econdly, nighttime fears might start cropping up. This is when your child suddenly starts fearing the dark, or is convinced there’s a monster under the bed. Add to this all the other big transitions that are happening in a two-year-old’s life (potty training, moving to a big bed, new siblings, daycare), and naturally sleep is the first thing to slide.
How to cope with sleep regressions
Babies (younger than 18 months)
- For those very early sleep regressions (3-4 months, and 6 months), take a look at how you’re settling your baby. If you’re still rocking or feeding your baby to sleep, you might find it’s becoming difficult to sustain the rocking/feeding/holding approach all night long. Observe your baby through the regression, see if thing improve afterwards, and if not, you could start considering some changes to the sleep routine.
- Keep reminding yourself that the changes are temporary. Just remember that your child is also struggling through that particular milestone, and it will be short-lived.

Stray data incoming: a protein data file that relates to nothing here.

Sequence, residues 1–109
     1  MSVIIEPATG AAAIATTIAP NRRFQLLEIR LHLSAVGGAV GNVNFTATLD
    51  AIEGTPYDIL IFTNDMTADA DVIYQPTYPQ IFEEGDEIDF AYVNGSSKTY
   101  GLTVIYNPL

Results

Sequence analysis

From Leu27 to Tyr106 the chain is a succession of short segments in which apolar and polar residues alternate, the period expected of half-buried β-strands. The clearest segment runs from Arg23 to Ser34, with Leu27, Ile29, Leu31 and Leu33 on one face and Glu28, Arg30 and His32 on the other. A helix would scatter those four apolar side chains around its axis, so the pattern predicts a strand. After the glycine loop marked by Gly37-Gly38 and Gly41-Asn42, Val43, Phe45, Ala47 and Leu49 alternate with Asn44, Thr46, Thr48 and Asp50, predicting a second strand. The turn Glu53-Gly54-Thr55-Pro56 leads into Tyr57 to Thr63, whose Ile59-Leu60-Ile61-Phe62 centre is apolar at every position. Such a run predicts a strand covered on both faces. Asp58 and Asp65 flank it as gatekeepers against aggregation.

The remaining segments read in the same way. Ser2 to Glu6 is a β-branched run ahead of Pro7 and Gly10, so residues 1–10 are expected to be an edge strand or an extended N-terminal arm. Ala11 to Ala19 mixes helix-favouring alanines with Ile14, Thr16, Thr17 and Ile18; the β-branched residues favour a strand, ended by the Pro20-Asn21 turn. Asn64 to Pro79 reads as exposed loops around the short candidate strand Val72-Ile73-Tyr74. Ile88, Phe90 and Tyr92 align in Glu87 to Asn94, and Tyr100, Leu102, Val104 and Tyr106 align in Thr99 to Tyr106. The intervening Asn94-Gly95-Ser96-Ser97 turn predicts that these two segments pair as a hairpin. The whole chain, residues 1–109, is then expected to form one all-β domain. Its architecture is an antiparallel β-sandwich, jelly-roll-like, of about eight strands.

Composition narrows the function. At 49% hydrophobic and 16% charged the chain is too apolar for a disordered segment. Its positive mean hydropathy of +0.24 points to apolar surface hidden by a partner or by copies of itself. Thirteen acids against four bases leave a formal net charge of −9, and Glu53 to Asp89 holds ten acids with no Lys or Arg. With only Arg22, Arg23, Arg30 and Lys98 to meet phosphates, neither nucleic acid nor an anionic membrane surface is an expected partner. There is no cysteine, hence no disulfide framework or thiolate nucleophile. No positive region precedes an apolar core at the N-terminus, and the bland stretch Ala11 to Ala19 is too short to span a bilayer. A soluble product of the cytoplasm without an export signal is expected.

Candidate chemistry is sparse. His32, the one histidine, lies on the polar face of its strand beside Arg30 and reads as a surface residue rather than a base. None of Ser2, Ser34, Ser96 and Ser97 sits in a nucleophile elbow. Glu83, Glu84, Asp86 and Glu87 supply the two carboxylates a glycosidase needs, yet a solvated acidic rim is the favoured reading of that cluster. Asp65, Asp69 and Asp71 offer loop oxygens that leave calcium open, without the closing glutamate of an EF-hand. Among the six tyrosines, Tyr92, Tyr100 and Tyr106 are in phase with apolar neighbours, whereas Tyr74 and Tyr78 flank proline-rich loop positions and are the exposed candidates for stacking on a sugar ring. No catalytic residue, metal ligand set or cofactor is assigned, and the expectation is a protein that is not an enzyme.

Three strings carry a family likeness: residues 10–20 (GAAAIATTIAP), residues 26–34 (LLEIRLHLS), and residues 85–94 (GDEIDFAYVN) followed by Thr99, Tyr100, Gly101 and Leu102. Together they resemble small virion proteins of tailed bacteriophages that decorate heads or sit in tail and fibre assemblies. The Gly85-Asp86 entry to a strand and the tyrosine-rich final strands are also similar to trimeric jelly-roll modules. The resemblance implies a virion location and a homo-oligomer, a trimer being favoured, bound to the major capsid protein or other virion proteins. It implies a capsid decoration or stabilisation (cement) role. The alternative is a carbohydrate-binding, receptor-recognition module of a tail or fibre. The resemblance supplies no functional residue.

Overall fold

- Remain responsive, and do what you can to soothe your child. Do, however, try to stick to the routine that works for you, and resist falling into any new sleep habits that you might regret later.
- Talk to other mums about your struggles and see how they’re coping with the changes. It will help put some perspective on an issue that most parents struggle with at some point.
Toddlers (18 months onwards)
- Set clear boundaries with your toddler, particularly around sleep routines.
- Try not to make any major changes to their sleep schedules when the regressions do hit. This phase does pass, so sometimes it’s best to stick to the old routine and ride it out.
- That said, look carefully at what’s happening in your toddler’s life. Sometimes we’re quick to chalk up disruptions to sleep regressions, when actually it might be that some poor sleep habits are getting out of hand.
- Remember – there’s no cure for sleep regressions! All you can do is adapt and look for small ways you can minimise the impact.
Need some more baby sleep advice? Our Parent School sleep experts can help. Click to find out more or book a one-on-one session.